There are so many reasons to be talking about this weeks episode of Q&A. With the all science and mathematics expert panel discussing topics ranging from racism to climate change and euthanasia to gender inequality, this week’s episode was refreshingly divergent from the show’s bread and butter political discourse. And yet in what is a rather telling indictment of the Australian media, the only discussion generated seems to be about panellist Neil deGrasse Tyson, who was once named the sexiest astrophysicist alive by People magazine, and who displayed some rather entertaining dance moves on Monday Night. Excellent traits to have, but certainly not the most interesting thing that happened on the Q&A stage this week.
While deGrasse Tyson and fellow panellist Adam Spencer traded ideological blows over concerns about the capabilities of artificial intelligence, it was Spencer who came out with perhaps the most poignant comment of the night (in my opinion) when asked about why there are less women engaged in scientific vocations and how more girls can be encouraged to pursue science or mathematics as a career. Appropriately, his comment took aim at the media as well, albeit indirectly.
“Messaging is really important…[on the] commercial radio news this morning, the first story was rugby league, the second story was rugby league, the third story was a rugby league game that hadn’t been played yet, then a hypothesis about the test cricket starting tonight, and the fifth story was that the Australian women’s swimming team in the 100m won the world championship adding to the world record they currently hold and the Olympic Gold. The only thing you can possibly infer from that is that men’s sports are more important than women’s. That is the horrible message we are giving. If that had been a men’s team it would have led the news.”
As an avid netball fan, I find this very difficult to disagree with. Spencer, however, extended this idea further, suggesting that we need a cultural shift in thinking if we are to achieve real gender equality.
“In the AMC which is America’s biggest mathematics competition…the top 100 boys came from 70 different schools who sent 1 or 2 boys. The top 100 girls came from 20 schools who sent 5,6,7 girls. Is it just some statistical fluke? No. Those schools are schools that have champions of mathematics. They are schools that have a culture of mathematics. They’re schools that have a girl in year 7 see a girl in year 12 get a medal and say, that’s going to be me in a few years.”
I know this argument has been made before, although it has usually been made poorly and simplistically before being passed over on morning television for the latest news on the Ben and Jen break up. But this isn’t a topic that requires a one sentence answer. Spencer’s comments could (and perhaps should) have an entire Q&A panel of their own.
The argument that girls are simply less interested has some truth to it. Girls are often intuitively different than boys. They prefer from a young age to play with dolls instead of cars. As much as parents (including myself) have tried to fight against it there is certainly some truth to the ‘nature’ argument. But as Spencer so eloquently points out, messaging is vitally important when it comes to the way girls view themselves in relation to our society’s lores and mores. And while we give lip service to the question of nature versus nurture, I am yet to hear an intelligent and well articulated discussion on the media’s role in shaping the nurture side of the equation. I suppose that is possibly because the media itself is not keen on introspection and is a master of distraction and diversion. Its the reason Kim Kardashian has a job, (if you can call it that).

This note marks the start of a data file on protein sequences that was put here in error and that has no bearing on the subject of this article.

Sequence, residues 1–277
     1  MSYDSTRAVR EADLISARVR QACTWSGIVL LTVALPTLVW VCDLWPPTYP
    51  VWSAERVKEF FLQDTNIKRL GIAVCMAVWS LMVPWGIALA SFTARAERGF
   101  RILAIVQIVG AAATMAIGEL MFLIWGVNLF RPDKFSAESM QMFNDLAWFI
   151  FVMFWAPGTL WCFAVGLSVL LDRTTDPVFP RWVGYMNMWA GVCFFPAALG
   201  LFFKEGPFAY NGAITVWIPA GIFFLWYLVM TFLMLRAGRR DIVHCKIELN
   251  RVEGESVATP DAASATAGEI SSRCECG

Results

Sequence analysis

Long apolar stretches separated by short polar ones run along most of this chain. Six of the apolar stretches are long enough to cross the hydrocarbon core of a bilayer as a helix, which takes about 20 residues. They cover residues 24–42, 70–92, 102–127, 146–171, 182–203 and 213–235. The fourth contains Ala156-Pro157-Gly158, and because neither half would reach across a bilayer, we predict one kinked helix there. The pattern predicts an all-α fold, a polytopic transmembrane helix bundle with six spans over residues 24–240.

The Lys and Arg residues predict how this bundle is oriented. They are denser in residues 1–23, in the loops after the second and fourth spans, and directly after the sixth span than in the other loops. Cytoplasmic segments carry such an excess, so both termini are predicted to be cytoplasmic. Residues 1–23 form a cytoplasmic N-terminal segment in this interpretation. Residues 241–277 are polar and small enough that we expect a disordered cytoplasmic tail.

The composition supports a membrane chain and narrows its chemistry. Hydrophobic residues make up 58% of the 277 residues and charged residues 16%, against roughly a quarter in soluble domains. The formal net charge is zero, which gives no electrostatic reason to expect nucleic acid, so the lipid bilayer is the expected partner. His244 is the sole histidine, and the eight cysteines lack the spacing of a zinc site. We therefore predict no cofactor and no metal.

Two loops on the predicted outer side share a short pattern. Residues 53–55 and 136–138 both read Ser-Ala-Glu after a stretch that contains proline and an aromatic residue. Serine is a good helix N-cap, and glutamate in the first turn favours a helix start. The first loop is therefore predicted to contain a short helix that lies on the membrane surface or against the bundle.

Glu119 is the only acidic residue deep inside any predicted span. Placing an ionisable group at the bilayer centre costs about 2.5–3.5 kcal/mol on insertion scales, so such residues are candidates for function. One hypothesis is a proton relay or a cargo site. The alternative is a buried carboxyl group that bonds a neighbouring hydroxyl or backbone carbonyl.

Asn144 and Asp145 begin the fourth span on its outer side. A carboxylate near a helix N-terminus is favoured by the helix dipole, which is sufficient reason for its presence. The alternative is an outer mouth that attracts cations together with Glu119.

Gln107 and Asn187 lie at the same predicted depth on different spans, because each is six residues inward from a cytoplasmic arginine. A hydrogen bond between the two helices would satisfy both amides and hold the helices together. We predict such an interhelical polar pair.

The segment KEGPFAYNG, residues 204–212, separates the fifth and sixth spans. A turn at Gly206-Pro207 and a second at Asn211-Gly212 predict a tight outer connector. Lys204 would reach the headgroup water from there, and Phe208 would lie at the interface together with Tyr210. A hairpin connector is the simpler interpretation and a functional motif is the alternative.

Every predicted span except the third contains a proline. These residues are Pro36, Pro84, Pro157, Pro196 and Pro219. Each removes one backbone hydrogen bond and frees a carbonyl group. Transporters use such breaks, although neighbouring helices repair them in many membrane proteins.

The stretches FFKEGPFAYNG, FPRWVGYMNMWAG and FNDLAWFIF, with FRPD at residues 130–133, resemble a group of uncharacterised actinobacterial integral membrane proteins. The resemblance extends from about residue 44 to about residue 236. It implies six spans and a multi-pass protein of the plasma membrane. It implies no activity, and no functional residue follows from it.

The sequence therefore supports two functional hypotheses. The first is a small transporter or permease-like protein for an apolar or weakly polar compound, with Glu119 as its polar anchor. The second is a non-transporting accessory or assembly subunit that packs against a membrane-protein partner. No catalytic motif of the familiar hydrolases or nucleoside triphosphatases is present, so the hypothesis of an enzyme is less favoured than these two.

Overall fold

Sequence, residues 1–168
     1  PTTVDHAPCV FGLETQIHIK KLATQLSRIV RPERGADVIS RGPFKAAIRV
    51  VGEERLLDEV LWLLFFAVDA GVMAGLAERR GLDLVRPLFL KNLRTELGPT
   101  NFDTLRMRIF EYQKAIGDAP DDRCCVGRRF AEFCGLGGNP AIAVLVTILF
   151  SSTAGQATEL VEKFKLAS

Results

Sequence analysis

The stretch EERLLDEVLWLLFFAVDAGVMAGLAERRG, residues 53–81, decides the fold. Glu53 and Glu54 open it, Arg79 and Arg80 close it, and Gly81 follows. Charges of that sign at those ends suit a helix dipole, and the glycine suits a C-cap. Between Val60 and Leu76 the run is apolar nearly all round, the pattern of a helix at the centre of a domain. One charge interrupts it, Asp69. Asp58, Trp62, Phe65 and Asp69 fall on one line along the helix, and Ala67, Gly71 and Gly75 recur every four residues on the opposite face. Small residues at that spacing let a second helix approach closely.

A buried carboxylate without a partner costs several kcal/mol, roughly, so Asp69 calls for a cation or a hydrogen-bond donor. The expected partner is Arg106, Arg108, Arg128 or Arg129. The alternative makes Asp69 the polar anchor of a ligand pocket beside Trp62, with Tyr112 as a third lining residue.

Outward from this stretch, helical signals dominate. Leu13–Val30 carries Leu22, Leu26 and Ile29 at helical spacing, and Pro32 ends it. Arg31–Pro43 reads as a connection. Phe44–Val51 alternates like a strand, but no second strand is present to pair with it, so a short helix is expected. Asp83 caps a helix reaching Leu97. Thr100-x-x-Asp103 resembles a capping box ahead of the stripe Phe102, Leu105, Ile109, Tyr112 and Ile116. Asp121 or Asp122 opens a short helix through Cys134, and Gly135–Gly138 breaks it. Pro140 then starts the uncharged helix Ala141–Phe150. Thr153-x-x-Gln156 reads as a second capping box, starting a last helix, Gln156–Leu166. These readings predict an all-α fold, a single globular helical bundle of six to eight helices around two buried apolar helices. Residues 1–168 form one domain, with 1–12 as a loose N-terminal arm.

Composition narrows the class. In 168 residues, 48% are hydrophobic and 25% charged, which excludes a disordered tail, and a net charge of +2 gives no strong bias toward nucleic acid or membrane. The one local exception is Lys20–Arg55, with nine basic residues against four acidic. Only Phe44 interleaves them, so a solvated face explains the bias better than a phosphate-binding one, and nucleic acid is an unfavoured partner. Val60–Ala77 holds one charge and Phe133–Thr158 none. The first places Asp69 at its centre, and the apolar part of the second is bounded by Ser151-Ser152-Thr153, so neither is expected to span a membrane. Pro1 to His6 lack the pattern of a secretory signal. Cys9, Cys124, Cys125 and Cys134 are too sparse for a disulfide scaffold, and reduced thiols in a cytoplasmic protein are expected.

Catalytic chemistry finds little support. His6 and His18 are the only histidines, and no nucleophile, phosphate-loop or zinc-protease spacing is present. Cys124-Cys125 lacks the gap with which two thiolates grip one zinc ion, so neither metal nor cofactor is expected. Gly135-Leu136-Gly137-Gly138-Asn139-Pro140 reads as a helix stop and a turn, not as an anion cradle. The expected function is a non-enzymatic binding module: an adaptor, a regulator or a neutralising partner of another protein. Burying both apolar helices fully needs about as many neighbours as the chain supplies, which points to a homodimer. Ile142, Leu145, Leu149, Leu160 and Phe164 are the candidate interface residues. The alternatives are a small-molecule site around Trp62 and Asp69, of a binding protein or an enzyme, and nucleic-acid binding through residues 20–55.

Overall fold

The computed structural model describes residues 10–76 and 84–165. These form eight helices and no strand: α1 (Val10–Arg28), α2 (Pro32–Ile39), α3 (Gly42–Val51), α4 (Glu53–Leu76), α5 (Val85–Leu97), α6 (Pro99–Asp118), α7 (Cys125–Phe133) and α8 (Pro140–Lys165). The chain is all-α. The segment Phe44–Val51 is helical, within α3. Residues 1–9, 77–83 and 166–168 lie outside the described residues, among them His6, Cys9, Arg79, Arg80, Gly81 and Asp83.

So what is the media’s core purpose – is it strictly to inform? To commentate? To provoke discussion? As an industry does the media dictate the information we ingest or are they simply responding to what’s popular? Even if the latter is true – and here is the important part – what is the responsibility of the media in determining what is appropriate messaging? Do we simply accept that they are giving the people what they want, or do we hold them to a higher expectation? Do we assume that they have a role in shaping the voices of our future, and if so, who is it that oversees that their messages are being delivered responsibly? Or should there simply be a code that journalists live by preventing irresponsible reporting and encouraging helpful, factual and intelligent articles of information being published?
The issue at hand on Q&A was referring to gender equality – should the media be modelling to girls in a different way, and how does the message affect our culture at large as girls grow into women? However there are many examples that could easily be used in the place of gender equality. Anti vaccination rhetoric is one. Fitness and dieting is another. Body Image another.
Perhaps deGrasse Tyson said it best:
“The press does this all the time…one person will publish one recent result and then the press runs with that result…they are pivoting that one one piece of information and they are presuming that that is the new truth. That is not the new truth…The emergent truth happens when many more than one experiment give you the same result.”
He raises an excellent point. The media does have a tendency to cherry pick pieces of information and sensationalise it’s potential impacts. Perhaps they do this because they know it is a sexy sound byte that will sell and that is a sad indictment on humanity. But how much do they dictate what we think is a sexy sound byte? And why aren’t we expecting more? The fact that deGrasse Tyson’s dance moves made more of a connection with journalists than any of the topics on the show are proof that something is amiss with the media itself; but it is us, the audience, that should require more from our media outlets.